Given the pain her action causes the child, it seems that  Cleo's mum resents Cleo as much as she resents Johnny.  The cruelty of sending Cleo away is worth it as long as it spoils Johnny's fun.   Is his ex also behind the anonymous texts saying things like 'Why are you such an asshole?' and 'What is fucking wrong with you?  that Johnny receives and deletes in the blink of an eye?  With little evidence that Johnny is not a fucking asshole these messages from the ether come to represent some sort of cosmic truth.

Parenthood hardly dents his numbness. Cleo turns into a miniature version of her sidelined mother, sitting down to breakfast with Johnny's  one-night stands while they jabber into their phones.  If Johnny is unchanged, his ex's behaviour seems calculated to shape their daughter  into a young woman who despises men before she has even known one.

Observing her dad's antics,  Cleo is much more grown up than Johnny, who hardly notices her until he sees her figure skating alone on an ice rink.  Suddenly  Johnny is watching his pubescent daughter in the same way he watches the pole dancers.  Cleo is beautiful, but she has to be performing a provocative dance  for  her father before he can see it.

Working out that Somewhere is Sofia Coppola's act of revenge voyeurism on her own father isn't exactly rocket science.  She has stated that the  hotel-room situations are taken from her  memories of travelling with Francis.  Watching useless Johnny as he watches Cleo, Coppola puts unscrupulous male desire in the frame without having to deal with the complication that an unhealthy gaze can also be the gaze of genius.

Working out that Somewhere is Sofia Coppola's act of revenge voyeurism on her own father isn't exactly rocket science.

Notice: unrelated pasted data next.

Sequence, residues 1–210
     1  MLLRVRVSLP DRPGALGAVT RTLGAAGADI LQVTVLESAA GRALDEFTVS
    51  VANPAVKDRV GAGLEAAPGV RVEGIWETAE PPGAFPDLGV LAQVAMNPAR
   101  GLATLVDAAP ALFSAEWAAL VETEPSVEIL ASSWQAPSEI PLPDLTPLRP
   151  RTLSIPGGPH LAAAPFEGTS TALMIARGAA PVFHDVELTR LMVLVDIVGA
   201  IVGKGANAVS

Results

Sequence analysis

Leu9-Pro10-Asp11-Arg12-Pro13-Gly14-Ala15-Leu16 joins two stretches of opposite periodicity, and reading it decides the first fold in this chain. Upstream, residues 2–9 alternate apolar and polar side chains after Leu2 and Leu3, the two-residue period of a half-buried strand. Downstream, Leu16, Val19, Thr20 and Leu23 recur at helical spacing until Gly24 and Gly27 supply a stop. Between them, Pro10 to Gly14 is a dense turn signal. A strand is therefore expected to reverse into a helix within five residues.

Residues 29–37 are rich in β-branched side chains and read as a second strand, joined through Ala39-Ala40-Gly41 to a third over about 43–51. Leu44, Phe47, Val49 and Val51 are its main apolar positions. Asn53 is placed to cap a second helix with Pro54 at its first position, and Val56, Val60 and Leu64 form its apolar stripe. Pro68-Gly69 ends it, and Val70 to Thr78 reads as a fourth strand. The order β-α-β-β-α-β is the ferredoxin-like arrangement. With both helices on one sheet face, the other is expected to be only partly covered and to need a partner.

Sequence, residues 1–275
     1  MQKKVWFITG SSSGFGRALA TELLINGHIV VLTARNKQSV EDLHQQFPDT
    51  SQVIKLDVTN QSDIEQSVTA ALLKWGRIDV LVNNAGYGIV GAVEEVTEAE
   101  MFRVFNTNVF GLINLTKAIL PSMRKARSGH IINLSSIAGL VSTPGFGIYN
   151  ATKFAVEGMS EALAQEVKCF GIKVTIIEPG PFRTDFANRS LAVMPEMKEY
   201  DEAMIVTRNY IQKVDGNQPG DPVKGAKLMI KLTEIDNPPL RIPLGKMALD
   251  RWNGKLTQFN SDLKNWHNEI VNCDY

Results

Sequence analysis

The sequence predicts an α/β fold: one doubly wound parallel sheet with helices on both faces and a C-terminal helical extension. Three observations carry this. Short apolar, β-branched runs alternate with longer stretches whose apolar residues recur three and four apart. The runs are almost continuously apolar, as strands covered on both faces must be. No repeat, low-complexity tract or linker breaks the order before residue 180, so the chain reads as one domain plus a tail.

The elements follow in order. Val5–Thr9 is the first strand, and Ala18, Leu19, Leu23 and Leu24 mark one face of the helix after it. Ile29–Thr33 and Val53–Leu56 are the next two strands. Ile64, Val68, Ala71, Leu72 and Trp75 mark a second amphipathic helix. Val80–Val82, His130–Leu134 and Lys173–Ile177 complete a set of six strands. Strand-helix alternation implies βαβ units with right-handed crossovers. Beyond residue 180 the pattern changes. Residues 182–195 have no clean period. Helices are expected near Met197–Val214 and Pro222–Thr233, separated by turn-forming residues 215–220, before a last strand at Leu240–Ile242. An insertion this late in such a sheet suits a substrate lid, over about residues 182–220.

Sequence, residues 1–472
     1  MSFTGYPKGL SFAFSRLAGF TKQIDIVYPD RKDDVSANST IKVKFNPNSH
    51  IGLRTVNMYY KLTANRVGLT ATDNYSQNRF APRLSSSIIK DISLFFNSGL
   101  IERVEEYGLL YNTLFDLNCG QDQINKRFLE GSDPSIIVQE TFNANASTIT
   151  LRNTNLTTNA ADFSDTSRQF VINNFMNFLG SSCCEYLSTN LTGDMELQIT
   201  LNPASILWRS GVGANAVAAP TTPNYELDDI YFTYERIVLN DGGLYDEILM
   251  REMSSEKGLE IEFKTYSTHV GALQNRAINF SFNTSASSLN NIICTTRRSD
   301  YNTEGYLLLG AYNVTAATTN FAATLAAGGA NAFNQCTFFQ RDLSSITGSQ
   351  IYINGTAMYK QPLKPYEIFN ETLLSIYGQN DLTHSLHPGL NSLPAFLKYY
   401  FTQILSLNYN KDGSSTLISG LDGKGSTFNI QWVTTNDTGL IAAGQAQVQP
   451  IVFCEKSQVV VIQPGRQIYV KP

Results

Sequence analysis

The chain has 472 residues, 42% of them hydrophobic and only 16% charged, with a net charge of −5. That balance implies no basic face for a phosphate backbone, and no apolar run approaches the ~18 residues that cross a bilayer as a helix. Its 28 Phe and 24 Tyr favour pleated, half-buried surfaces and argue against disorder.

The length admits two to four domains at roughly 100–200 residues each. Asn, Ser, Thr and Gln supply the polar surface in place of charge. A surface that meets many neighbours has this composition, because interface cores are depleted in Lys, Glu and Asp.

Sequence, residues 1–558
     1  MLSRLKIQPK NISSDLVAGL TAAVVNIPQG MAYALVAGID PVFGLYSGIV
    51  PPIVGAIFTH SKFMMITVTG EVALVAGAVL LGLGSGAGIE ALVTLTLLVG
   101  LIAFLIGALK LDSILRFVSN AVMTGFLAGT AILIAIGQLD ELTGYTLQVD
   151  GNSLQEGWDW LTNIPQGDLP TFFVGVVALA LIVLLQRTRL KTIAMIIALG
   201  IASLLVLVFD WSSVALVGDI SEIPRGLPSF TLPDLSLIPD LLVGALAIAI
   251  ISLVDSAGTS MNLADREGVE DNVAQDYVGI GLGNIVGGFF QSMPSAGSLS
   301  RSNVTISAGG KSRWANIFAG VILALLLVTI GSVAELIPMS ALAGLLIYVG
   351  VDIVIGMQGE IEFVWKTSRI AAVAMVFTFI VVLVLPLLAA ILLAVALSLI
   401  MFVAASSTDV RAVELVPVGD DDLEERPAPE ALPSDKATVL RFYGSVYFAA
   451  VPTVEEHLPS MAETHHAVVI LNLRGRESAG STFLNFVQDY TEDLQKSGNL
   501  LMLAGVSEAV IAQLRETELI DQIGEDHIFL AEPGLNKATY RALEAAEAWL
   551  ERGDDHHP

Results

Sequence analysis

Somewhere is not, as critics have claimed, a male perspective.  Any man could explain himself better than Sofia explains Johnny Marco, even Johnny Marco could do it better.  Coppola's enquiry into his motivations and behaviour has no real intention of providing answers but to expose the intractable mystery of men, then shrug at it. Get out of the Marmont, thicko, it seems to say.  They should never have let you in here in the first place.  Now everybody's had you and nobody wants to talk to you.  You're boring us.

The box-office friendly decision to make her schmuck into a movie-star  denies him the escape that is available to real schmucks.  If you're a jerk and a garage mechanic you might well think the general shittiness of your life made it worth the effort of reform.  Johnny's wealth and fame, without giving him an excuse to go on doing what he does, provide a strong indication that he probably will.

That's Sofia's bleak message.  The film's happy ending must have been tacked on at the insistence of the blurb-writers. Having driven his Ferrari on one more hell-for-leather ride to nowhere, Johnny stops by the side of a desert highway, gets out and walks away with a smile on his face.  Even the  Coppola-friendly  Guardian critic described it as one of the daftest thing he ever saw.  But there is nothing daft about using a cliché of male cinema to ridicule the idiocy of male solutions.

Lets hope Johnny  turns around and heads back to town like  Rabbit Angstrom when he realised the futility of Kerouac-like taking to the road in John Updike's novel, Rabbit Run

John Updike.  Now there's someone who was lashed in his day with accusations of gender libel.  Let's have a show of hands – who does the other side better:  Updike on women or Sofia Coppola on men?